Jacobean Dramatic Censorship (revised 2nd edition), The Revels
Plays Companion Library (Manchester: Manchester University Press,
1999). Pp. viii + 242.
- ‘Art Made Tongue-tied by Authority’: Elizabethan and
Jacobean Dramatic Censorship, The Revels Plays Companion
Library (Manchester: Manchester University Press, 1990). Pp. xiii +
- In press: From Republic to Restoration:
Legacies and Departures (contracted MUP, publication
- Shakespeare and the Irish Writer, edited with Stephen
O’Neill (Dublin: UCD Press, 2010).
Pp. xii + 201.
- Literature, Readers and Dialogue: Essays by and in Reply to
Douglas Jefferson, co-edited (with Veronica O’Mara) with an
introduction (Dublin: UCD Press, 2006). Pp. xi + 226.
- Contexts of Renaissance Comedy, edited with Roy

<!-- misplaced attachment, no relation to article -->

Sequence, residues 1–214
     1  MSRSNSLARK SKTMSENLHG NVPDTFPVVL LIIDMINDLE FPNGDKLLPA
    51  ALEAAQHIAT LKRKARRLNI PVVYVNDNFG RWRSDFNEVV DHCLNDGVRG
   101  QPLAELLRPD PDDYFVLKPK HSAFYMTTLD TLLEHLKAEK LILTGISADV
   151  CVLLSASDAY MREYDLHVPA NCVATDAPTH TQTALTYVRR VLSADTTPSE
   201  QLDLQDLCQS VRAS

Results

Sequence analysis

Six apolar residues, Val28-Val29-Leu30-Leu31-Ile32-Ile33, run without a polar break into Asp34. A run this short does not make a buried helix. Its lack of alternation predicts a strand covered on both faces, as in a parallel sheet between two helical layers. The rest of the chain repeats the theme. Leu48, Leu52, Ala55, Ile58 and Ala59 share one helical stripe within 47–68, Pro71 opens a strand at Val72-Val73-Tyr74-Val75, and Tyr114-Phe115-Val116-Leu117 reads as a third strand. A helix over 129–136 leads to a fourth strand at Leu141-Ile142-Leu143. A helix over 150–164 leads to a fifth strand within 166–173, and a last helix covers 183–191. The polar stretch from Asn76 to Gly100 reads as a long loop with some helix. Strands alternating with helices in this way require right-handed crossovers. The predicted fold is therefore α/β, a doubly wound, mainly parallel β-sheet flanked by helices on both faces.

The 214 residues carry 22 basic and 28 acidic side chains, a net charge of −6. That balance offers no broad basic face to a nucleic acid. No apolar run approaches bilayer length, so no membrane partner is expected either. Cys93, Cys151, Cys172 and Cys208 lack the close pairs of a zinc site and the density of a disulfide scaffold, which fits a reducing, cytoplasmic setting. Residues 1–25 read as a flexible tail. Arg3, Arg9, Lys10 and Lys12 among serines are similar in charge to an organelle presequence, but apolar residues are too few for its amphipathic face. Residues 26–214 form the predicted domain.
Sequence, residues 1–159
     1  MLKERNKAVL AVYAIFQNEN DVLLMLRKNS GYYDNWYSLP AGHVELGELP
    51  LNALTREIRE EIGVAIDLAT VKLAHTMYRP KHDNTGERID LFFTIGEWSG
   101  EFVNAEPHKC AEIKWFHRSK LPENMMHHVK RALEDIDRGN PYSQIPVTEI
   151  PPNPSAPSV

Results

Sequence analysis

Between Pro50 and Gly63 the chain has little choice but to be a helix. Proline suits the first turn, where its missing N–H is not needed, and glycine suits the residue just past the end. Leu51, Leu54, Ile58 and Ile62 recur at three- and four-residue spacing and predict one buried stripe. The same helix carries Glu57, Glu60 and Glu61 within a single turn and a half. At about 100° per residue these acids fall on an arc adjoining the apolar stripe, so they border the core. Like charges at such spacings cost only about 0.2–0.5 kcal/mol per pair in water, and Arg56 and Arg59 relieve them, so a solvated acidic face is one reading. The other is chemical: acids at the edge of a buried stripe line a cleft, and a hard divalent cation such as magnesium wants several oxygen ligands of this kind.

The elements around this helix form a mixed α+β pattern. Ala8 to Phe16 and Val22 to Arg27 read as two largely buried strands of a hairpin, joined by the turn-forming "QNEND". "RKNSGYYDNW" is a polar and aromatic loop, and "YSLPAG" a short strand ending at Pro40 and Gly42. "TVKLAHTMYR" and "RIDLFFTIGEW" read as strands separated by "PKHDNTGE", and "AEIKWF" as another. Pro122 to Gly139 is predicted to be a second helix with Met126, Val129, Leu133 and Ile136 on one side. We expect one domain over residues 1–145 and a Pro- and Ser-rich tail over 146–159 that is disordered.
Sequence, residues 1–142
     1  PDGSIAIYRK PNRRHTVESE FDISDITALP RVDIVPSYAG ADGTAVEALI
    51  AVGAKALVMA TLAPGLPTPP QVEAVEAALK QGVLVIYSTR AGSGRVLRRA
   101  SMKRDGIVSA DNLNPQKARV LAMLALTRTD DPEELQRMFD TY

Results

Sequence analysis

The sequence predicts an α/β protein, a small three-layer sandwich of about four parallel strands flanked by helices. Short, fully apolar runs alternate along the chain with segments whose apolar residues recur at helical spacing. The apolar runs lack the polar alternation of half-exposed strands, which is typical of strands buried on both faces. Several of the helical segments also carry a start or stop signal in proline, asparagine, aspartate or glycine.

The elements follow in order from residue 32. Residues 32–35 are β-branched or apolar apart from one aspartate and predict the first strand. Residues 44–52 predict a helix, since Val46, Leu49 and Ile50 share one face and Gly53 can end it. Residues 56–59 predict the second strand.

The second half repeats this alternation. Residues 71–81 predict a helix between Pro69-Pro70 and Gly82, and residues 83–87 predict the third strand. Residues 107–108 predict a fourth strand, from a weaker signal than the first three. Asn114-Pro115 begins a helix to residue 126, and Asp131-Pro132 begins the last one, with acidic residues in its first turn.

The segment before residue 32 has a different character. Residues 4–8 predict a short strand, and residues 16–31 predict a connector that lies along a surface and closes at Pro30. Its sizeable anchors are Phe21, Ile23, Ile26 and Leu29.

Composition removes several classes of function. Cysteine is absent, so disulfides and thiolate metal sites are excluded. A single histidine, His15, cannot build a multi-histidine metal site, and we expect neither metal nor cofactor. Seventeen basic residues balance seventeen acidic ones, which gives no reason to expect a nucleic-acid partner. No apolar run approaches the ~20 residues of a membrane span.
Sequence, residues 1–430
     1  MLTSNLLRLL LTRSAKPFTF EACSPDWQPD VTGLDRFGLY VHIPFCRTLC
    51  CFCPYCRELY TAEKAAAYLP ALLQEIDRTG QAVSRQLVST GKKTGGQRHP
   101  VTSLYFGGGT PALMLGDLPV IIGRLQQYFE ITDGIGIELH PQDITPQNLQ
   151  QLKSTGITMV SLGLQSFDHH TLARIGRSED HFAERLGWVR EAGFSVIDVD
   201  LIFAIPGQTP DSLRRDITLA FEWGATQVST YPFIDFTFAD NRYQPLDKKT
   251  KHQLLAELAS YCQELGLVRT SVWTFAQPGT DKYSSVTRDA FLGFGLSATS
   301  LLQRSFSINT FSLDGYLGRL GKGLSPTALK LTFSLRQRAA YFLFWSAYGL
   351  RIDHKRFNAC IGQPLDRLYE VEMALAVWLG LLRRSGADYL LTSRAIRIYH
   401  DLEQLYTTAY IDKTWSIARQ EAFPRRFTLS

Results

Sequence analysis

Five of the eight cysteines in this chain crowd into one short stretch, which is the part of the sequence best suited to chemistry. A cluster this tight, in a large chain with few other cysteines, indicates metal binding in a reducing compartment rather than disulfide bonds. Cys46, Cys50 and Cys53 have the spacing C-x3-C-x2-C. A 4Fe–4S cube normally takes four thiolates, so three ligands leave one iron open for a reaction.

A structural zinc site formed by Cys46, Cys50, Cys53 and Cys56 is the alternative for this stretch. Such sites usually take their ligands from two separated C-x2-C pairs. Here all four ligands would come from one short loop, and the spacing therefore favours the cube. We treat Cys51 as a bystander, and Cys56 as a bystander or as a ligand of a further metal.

Eriksen (Oslo: Novus Press, 1996). Pp. 184.
Selected articles and chapters contributed to books
- In press, ‘The Dramaturgy of The
Revenger’s Tragedy ‘ Arden Shakespeare Series,
- In press, ‘Acts of Oblivion: Reframing Drama,
1649-1665’ in From Republic to Restoration: Legacies and
Departures, ed. Janet Clare (Manchester University Press)
- ‘Licensing the King’s Men: From Court Revels to Public
Performance’, Brave New Theatres: 1616 in China and
England, Arden Shakespeare Series (London: Bloomsbury, 2015),
- ‘Tracings and data in The Tempest: author, world and
representation’, Shakespeare Survey, 68, (2015),
- '"Of Seditions and Troubles”: Censorship and the Late
Elizabethan Crisis’ in Enforcing and Eluding Censorship,
British and Anglo-Italian Perspectives, ed. Giuliana
Iannaccaro and Giovanni Iamartino, (Cambridge Scholars Publishing:
Newcastle-upon-Tyne, 2014), 1-14.
- 'Introduction', Four Revenge Tragedies, New Mermaids
(London: Methuen Drama, 2014).
- ‘“Buried in the Open Fields”: Early Modern Suicide and the Case
of Ofelia’, Journal of Early Modern Studies, 2 (2013),
- ‘“His bruised helmet and his bended sword”: Henry V,
Essex und das Aufleben des Heldenkults im Jahr 1599’, Heroen und
Heroisierungen in der Renaissance, ed. Achim Aurnhammer and Manfred
Pfister, Wolfenbütteler Abhandlungen zur